Area businesses whose labor force had been either drafted into the military or requisitioned for war work applied to use PW labor. The greatest need was in area farms and canneries. All armies fight on their stomachs, and bringing in the harvest of 1945 was critical.
Donald Look was the purchasing agent for the Nieman Cannery. (In 1945, it was also affiliated with the Nieman/Fromm silver fox farms.) The cannery worked to preserve the incoming pea harvest, but also processed a variety of vegetables grown in the area.
Mr. Look was in charge of selecting and managing 50 PWs to work at the cannery and farms. Mr. Look says this of the PWs: “Our group were all real gentlemen. None of them had wanted to go to war to kill any other person; they had been forced to fight.” The workers he chose all spoke a little English, but many of the civilian workers also spoke German.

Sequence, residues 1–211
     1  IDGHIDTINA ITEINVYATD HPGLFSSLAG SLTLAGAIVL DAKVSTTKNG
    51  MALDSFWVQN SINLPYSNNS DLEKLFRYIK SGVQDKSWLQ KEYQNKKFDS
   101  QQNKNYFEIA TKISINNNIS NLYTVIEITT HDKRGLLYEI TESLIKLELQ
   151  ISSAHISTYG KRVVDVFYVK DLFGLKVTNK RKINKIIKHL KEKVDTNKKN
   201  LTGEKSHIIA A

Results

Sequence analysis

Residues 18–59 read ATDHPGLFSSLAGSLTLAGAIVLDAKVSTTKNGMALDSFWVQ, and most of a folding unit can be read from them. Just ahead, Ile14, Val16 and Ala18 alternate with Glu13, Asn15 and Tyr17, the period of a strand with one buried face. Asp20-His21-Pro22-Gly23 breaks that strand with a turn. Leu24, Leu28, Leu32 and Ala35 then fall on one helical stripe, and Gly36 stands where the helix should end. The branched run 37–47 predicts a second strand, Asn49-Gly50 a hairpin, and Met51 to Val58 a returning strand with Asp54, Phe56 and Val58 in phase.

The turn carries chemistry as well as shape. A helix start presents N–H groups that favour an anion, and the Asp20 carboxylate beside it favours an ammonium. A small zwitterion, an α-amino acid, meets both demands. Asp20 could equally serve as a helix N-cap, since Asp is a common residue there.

Willi Rixen was a well-regarded artist before being drafted into the Wehrmacht. Often ill with an ulcer, his civilian co-workers shared fresh eggs, milk and fruit as he could not eat much of the food served at the camp. Helmut Tichy was a Viennese Süßwarenhersteller—a very specialized type of confectionary maker. (Not a cake. Not candy. Think Mendel’s in Wes Anderson’s Grand Budapest Hotel.) Hans Giese was a teacher. Konrad Mertel a machinist. Alfred Klutentrater a gifted composer and musician.